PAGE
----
Red Hat’s OpenShift Data Foundation (formerly “OpenShift Container Storage”, or “OCS”) allows you to either (a) automatically set up a Ceph cluster as an application running on your OpenShift cluster, or (b) connect your OpenShift cluster to an externally managed Ceph cluster. While setting up Ceph as an OpenShift application is a relatively polished experienced, connecting to an external cluster still has some rough edges.
NB I am not a Ceph expert.
I find myself working with Raspbian disk images fairly often. A typical workflow is:
Download the disk image. Mount the filesystem somewhere to check something. Make some changes or install packages just to check something else. Crap I’ve made changes. …at which point I need to fetch a new copy of the image next time I want to start fresh.
Sure, I could just make a copy of the image and work from there, but what fun is that?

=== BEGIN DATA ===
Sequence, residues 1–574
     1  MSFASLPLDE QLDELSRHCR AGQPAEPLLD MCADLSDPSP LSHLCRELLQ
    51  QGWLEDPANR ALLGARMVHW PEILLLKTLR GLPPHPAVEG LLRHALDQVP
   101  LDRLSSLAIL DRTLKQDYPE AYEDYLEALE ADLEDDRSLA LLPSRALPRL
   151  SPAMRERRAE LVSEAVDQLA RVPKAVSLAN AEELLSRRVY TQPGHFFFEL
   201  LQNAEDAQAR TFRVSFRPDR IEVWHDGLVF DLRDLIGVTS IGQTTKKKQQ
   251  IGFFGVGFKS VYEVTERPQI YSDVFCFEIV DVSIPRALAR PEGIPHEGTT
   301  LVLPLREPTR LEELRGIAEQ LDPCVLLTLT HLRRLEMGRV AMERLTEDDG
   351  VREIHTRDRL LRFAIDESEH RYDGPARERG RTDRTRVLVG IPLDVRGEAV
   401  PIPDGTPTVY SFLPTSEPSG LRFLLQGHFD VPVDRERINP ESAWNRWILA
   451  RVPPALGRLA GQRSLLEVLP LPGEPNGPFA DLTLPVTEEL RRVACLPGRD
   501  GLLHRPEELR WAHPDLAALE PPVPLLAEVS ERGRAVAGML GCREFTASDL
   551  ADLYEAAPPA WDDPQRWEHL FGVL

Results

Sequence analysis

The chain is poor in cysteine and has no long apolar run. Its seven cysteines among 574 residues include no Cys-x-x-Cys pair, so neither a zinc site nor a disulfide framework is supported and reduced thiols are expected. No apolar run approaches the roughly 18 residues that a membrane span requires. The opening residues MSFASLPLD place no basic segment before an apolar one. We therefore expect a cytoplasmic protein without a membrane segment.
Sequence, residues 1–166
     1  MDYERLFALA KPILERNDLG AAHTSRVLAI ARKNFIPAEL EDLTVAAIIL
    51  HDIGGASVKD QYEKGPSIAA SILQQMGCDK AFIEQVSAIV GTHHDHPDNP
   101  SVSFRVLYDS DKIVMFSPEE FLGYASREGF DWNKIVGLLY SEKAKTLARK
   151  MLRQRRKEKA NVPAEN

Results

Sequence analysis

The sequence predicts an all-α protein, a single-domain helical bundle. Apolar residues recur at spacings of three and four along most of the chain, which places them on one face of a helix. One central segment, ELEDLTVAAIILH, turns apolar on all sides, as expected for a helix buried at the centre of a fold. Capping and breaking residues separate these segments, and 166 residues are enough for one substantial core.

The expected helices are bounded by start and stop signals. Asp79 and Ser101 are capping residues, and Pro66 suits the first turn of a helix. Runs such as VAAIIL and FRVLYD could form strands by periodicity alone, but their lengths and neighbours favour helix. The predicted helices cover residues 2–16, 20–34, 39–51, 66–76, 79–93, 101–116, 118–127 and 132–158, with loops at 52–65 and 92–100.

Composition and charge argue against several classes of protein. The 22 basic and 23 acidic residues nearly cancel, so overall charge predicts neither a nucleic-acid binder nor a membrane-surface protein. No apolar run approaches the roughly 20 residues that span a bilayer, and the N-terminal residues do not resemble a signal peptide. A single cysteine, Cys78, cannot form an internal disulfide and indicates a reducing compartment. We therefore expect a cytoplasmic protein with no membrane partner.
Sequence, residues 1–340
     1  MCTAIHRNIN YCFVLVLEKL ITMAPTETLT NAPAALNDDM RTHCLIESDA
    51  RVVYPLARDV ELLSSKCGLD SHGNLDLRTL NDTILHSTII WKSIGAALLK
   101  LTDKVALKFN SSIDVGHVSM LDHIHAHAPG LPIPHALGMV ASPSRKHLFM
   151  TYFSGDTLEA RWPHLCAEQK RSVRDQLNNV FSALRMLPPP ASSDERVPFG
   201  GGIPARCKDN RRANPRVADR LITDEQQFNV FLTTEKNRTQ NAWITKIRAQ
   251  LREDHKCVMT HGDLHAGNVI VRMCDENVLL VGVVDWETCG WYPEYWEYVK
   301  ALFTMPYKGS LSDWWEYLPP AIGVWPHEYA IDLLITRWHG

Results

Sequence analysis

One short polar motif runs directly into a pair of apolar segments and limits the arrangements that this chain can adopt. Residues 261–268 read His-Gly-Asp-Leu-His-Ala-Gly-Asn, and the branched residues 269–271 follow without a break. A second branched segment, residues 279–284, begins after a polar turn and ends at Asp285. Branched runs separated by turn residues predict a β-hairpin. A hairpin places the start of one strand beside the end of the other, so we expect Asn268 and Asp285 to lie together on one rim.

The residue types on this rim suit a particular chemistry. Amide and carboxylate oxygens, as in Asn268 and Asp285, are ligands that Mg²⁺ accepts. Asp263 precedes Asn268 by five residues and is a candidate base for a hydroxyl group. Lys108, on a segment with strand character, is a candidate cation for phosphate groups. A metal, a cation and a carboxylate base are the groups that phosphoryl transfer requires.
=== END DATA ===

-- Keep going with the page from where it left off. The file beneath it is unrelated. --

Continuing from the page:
Occasionally we will deploy a virtual instance into our KVM infrastructure and realize after the fact that we need more local disk space available. This is the process we use to expand the disk image. This process assumes the following:
You’re using legacy disk partitions. The process for LVM is similar and I will describe that in another post (it’s generally identical except for an additional pvresize thrown in and lvextend in place of resize2fs).
This articles describes how I got CrashPlan running on my FreeBSD 8(-STABLE) system. These instructions by Kim Scarborough were my starting point, but as these were for FreeBSD 7 there were some additional steps necessary to get things working.
Install Java I had originally thought that it might be possible to run the CrashPlan client “natively” under FreeBSD. CrashPlan is a Java application, so this seemed like a possible solution. Unfortunately, Java under FreeBSD 8 seems to be a lost cause.